Fidelis, Cassandra

, a very learned lady, of a family originally of Milan, is supposed to have been born about 1465. She was early instructed in the Greek and Latin languages, elocution, and the Aristotelian philosophy, to which she was partial, and maintained a correspondence with many of the literati of her age. She is said to have been of unblemished morals, great frankness of disposition, and occasional gaiety. Politian considered her as no less> a prodigy among her sex than Picus was among his, and was so struck with her character, that he visited Venice almost solely with a view to converse with her; and persons of all ranks vied in their respect for her, while crowned heads invited her by large offers to visit and settle in their courts. In 1487, Cassandra delivered a public oration | before the university of Padua, “pro Alberto Lamberto Canonico Concordiensi,” a philosophical relation of hers, which is still extant. Some suppose her to have been in the practice of delivering public lectures in that university, but this is doubted by her biographer. She had once the honour of addressing a complimentary oration to Bona Fortia, queen of Sarmatia, when visiting Venice, which was delivered in the Bucentauro, sent out with a suitable train to meet and escort her into the Venetian port; on which occasion the queen presented her with a magnificent gold chain; but Cassandra, with that philosophic indifference which she had always evinced for this precious metal, gave it next day into the hands of the doge.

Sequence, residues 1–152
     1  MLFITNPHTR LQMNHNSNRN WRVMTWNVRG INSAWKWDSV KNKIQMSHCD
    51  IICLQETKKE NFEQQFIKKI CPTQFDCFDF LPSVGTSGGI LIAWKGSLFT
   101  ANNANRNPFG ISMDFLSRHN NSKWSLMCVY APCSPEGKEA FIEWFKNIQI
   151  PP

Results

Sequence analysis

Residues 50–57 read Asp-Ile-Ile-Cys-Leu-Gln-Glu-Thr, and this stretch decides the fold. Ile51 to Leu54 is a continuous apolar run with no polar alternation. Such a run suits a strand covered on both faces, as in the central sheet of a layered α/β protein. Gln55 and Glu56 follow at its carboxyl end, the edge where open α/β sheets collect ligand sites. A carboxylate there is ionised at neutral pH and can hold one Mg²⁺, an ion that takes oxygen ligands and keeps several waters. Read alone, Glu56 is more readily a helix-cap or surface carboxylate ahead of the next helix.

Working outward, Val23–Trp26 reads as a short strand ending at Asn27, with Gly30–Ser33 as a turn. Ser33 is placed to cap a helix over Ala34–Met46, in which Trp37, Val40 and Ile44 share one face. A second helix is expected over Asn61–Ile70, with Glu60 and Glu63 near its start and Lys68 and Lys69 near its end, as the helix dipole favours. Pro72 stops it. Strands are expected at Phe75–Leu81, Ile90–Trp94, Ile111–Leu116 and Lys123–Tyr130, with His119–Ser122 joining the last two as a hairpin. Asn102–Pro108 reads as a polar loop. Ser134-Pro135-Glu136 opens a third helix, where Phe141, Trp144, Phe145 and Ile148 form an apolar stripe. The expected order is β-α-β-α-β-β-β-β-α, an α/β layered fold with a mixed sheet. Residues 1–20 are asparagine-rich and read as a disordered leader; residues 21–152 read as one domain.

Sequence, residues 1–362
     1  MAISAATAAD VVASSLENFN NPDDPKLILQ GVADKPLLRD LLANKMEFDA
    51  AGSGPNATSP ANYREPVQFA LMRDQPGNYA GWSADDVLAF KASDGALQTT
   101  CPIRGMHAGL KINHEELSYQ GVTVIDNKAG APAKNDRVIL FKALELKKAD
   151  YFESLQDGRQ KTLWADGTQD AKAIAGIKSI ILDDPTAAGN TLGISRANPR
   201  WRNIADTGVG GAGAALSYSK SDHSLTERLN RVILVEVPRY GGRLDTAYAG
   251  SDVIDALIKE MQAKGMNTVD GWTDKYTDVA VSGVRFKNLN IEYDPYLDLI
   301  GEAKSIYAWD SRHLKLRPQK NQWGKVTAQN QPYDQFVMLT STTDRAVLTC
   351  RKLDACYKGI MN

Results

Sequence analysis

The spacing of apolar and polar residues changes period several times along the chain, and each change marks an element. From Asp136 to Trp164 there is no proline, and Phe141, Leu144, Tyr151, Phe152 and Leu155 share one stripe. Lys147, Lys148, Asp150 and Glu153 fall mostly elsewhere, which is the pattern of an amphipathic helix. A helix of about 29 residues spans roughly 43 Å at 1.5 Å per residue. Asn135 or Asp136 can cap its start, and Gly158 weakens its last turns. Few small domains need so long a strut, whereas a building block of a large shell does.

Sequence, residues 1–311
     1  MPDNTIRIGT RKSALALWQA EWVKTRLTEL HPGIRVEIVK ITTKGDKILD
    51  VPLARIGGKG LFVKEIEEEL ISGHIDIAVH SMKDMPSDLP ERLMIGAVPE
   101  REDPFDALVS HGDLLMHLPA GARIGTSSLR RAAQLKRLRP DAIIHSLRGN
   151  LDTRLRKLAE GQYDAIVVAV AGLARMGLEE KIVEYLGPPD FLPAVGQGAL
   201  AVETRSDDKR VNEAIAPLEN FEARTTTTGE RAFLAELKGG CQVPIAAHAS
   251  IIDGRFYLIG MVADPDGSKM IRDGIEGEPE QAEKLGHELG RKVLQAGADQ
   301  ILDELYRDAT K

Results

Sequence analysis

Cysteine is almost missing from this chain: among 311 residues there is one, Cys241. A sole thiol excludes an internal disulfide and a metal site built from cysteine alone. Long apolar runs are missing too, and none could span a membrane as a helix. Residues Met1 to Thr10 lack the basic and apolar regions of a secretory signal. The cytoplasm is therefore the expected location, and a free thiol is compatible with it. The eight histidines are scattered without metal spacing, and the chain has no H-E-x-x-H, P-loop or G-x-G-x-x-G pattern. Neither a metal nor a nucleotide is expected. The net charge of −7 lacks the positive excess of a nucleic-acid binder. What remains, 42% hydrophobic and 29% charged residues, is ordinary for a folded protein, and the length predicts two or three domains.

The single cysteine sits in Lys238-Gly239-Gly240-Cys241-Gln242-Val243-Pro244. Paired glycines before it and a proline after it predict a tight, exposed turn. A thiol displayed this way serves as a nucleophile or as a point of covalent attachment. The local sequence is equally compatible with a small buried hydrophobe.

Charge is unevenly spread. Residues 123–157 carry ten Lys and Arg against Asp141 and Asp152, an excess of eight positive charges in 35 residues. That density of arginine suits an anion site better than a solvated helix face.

Agreeably to the will of her father, she gave her hand to Jo. Maria Mapellius of Vicenza, a learned physician, in her connexion with whom she experienced various reverses. In 1521 she became a widow. In her ninetieth year she was appointed to preside over a religious society of her own sex at Venice, and died in 1558, or as some say in 1567. She had composed a work “De Scientiarum Ordine,” frequently mentioned in her letters, but it was never published. Thomasinus wrote her life, prefixed to her “Epistolse et Orationes Posthumae,Padua, 1636, 8vo. 1


Gresswell’s Politian, &c. Roscoe’s Lorenzo. —Niceron, Viji. —Tiraboschi.